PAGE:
The Hub Project came out of the idea that Democrats should be more effective in conveying their arguments through the news media and directly to voters. Its business plan, a 21-page document prepared for the Wyss Foundation in 2015, recommended that the group “be solely funded by the Wyss Foundation at the outset” and that it would work behind the scenes to “dramatically shift the public debate and policy positions of core decision-makers.” The plan added that The Hub Project “is not intended to be the public face of campaigns.”

The Hub Project is part of an opaque network managed by a Washington consulting firm, Arabella Advisors, that has funneled hundreds of millions of dollars through a daisy chain of groups supporting Democrats and progressive causes. The system of political financing, which often obscures the identities of donors, is known as dark money, and Arabella’s network is a leading vehicle for it on the left.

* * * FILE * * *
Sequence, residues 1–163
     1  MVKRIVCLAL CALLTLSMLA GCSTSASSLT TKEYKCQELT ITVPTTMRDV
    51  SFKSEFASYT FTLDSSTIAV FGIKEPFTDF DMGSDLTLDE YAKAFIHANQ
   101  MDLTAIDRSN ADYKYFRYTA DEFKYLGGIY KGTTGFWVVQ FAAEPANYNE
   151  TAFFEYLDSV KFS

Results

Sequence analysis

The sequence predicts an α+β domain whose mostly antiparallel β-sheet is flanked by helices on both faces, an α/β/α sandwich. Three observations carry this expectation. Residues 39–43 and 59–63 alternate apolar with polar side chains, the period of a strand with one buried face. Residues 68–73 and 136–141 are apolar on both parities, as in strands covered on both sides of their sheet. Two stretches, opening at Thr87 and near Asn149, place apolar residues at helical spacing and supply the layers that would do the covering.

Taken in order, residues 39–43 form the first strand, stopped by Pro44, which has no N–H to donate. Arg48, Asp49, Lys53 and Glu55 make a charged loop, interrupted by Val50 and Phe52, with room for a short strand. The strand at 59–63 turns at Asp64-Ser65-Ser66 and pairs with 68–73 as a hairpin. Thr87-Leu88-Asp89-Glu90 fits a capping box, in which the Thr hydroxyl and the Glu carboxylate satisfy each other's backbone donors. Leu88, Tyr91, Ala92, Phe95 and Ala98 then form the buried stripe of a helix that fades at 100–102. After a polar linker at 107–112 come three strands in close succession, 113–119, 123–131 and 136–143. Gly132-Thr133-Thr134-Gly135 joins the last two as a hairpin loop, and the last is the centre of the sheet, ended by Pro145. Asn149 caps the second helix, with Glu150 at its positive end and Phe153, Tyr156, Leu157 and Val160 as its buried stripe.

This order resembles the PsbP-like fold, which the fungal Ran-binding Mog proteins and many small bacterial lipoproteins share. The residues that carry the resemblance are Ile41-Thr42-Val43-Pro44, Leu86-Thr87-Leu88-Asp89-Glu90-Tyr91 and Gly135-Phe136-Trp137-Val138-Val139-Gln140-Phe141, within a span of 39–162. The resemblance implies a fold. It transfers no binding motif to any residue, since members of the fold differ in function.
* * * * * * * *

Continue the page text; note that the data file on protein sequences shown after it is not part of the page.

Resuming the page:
The Arabella network has similarities to the operation created by the Kochs. Democrats have long criticized the Kochs and others who have engaged in the hard-to-track political spending unleashed in part by the Supreme Court’s decision in the 2010 Citizens United case.


Arabella’s money flows through four nonprofits that serve as parent structures for a range of groups, including The Hub Project. The nonprofits then pass some of the funds along to other nonprofit groups or super PACs.

The Hub Project is not a stand-alone organization for tax purposes but is housed within two Arabella nonprofits, New Venture Fund and the Sixteen Thirty Fund, which pay Hub Project employees.

Between 2007 and last year, the Wyss Foundation donated roughly $56.5 million to New Venture Fund, according to tax returns and voluntary disclosures. Among New Venture Fund’s beneficiaries was an ambitious nonprofit group, Acronym. Acronym partly owns Courier Newsroom, a network of news media outlets that was criticized by a nonpartisan disinformation watchdog for slanting coverage to favor Democrats.